Charming Vietnam

December 17, 2006

Three homegrown designers to inspire Charming Vietnam

 
   

A top Vietnamese designer and two young colleagues will dress up a bevy of beauties for Thanh Nien’s annual fashion and music bash scheduled for Dec. 30-31.

 

Kieu Viet Lien, the only Vietnamese to obtain certificates from Richard Ribinson’s Fashion School in Canada and Haute Couture-ESMOD in France, was nevertheless, nervous before the big event.

“Charming Vietnam is such a big name that all designers are anxious for our dresses to be distinctive.”

Her collection at the 16th Charming Vietnam would be her most carefully done and feature gemstones and crystals.

Her younger counterparts, Thuan Viet and Angel Phan, real name Phan Thi Phung, both around 25, were also nervous.

Thuan Viet, whose Ao dai (Vietnamese traditional costume) collection will feature for the second time at Charming Vietnam, said: “This is such a great opportunity and challenge that I am trying my best to make my dresses impressive.”

Viet, who worked under his senior Sy Hoang last year, was also, however, happy to come out of the shadow and put on his own display, titled Night sea paradise.

Phan, a newcomer to Charming Vietnam, said she had visited mountain town Sapa and some provinces in the north to pick up unusual materials for her collection, Wave.

A student beauty and model, Phan has become one of Vietnam’s most talented designers.

The three will use over 30 top models, including 2005 Miss Universe, Russia’s Natalie Glebova; Miss Thailand 2006, Charm Warin Osathmond; the current Miss Vietnam, Mai Phuong Thuy; and the two runners-up, Luu Bao Anh and Nguyen Thi Ngoc Lan.

As usual, the event will also feature popular local and overseas singers and performers.

Overseas Vietnamese composer and singer Duc Huy, and Vietnamese beauty queen and international magician Ngo My Uyen will host the show themed ‘Moon’.

Charming Vietnam (Duyen dang Viet Nam) was launched by Thanh Nien in 1990 to raise funds for the Nguyen Thai Binh Scholarship Fund for economically disadvantaged students.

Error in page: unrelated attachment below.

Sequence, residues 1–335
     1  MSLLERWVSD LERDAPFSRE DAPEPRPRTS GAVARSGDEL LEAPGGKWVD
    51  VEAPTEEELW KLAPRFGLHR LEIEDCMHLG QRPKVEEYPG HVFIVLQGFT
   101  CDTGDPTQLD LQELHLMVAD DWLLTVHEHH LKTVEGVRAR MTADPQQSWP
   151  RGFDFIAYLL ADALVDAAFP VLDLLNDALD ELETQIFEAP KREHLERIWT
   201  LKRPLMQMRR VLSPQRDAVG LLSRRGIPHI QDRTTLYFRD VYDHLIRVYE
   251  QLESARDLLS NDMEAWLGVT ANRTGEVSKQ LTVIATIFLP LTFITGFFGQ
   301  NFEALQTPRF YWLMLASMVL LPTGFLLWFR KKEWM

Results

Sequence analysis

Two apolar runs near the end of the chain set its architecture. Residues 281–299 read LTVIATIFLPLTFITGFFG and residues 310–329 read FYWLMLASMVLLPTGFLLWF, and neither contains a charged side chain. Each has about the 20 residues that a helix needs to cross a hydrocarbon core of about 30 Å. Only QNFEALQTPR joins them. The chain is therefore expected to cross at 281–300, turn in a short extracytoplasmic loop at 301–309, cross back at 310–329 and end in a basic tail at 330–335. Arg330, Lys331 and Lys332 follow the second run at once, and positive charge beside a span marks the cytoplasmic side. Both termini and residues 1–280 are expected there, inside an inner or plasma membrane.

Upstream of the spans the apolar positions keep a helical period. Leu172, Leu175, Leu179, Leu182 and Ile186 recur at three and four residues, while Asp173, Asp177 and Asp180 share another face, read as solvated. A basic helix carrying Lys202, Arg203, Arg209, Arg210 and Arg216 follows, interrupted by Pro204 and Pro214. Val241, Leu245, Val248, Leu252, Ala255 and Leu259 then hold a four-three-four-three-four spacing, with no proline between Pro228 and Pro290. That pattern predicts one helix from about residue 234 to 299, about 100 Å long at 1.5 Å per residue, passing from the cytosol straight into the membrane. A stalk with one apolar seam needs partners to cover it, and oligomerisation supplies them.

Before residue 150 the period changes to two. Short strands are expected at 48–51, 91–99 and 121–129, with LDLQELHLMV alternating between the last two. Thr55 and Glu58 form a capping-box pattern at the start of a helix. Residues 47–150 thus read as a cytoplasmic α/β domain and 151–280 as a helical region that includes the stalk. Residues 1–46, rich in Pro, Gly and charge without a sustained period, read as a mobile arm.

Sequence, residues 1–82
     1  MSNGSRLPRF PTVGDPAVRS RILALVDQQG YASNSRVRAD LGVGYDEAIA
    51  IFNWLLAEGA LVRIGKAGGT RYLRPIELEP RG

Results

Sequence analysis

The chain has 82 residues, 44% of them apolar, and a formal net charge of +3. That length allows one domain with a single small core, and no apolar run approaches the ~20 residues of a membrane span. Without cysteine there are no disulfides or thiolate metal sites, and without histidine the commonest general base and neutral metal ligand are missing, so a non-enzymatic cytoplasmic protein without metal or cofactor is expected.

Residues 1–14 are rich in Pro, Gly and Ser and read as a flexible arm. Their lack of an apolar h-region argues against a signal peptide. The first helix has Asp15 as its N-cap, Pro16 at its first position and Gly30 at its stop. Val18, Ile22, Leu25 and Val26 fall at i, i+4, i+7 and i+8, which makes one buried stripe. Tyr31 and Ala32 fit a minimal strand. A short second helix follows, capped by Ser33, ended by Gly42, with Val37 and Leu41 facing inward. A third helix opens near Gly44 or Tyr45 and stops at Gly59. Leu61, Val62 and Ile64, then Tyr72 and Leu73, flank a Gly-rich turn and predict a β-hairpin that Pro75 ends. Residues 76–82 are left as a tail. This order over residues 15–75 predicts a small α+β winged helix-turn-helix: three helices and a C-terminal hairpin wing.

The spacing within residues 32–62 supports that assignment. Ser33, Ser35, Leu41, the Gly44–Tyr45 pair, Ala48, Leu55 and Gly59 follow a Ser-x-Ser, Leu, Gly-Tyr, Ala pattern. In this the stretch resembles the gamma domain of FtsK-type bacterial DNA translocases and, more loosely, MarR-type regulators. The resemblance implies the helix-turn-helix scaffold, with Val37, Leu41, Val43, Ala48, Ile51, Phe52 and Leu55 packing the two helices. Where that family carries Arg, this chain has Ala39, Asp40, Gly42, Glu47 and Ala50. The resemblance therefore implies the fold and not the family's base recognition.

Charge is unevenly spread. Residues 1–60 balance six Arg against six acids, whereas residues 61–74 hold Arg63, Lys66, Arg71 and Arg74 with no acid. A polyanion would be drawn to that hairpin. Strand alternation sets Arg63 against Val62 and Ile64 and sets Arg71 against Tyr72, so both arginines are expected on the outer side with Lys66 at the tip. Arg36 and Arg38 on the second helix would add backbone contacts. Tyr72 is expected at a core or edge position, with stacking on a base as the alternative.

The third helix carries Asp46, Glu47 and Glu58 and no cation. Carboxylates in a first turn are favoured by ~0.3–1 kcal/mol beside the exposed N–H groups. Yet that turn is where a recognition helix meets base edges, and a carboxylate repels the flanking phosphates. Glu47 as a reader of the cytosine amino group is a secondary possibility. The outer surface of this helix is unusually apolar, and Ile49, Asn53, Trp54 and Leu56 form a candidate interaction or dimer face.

Now the most watched show in the country, it has so far underwritten around 5,000 scholarships worth more than VND7 billion (US$436,000).

Last year it was held abroad for the first time – in Australia – to rave reviews.

This year it is scheduled to be held at the five-star Hon Ngoc Viet (Vinpearl) resort. 

Reported by Da Ly – Translated by Luu Thi Hong


 

A documentary on the war in Vietnam entitled ‘Chat Doc Da Cam’ (Agent Orange) produced by Japanese Masako Sakata is now on screen at the 28th Latin America New Film International Film Festival in La Habana, Cuba.

The film recalls events occurring in 1970s of the last century when Vietnam was in fierce war. During the war, the US sprayed defoliation which destroyed the environment and harmed Vietnamese people.

The film’s director Masako Sakata herself is a victim of the Agent Orange. Her husband, an American veteran who joined the Vietnam war, passed away a couple of years ago due to the aftermath of the Agent Orange.

The film also touches upon the misery of Vietnamese families whose members are in disease or deformed due to the Agent Orange.

 

 
   

Ten students from four universities in Vietnam have received the Honda Yes Award, a prize for talented engineers and young scientists conferred by the Honda Foundation and Honda Vietnam Co.

Each student received a US$3,000 scholarship and a VND14.9 million ($925.8) Wave RS motorbike made by Honda Vietnam.

Of the winners, four from the Hanoi University of Technology, three from the Ho Chi Minh City University of Technology, two from the Technology College under the Hanoi National University, and one from the Danang University of Technology.

In addition to the award, they are eligible to apply for a $10,000 post-graduate scholarship in Japan.


Honda Vietnam said that Honda Yes Award is part of the $10 million Honda Social Fund for the 2006-2010 period.

The award aims to discover and foster young talents in science and technology.

Source: VNA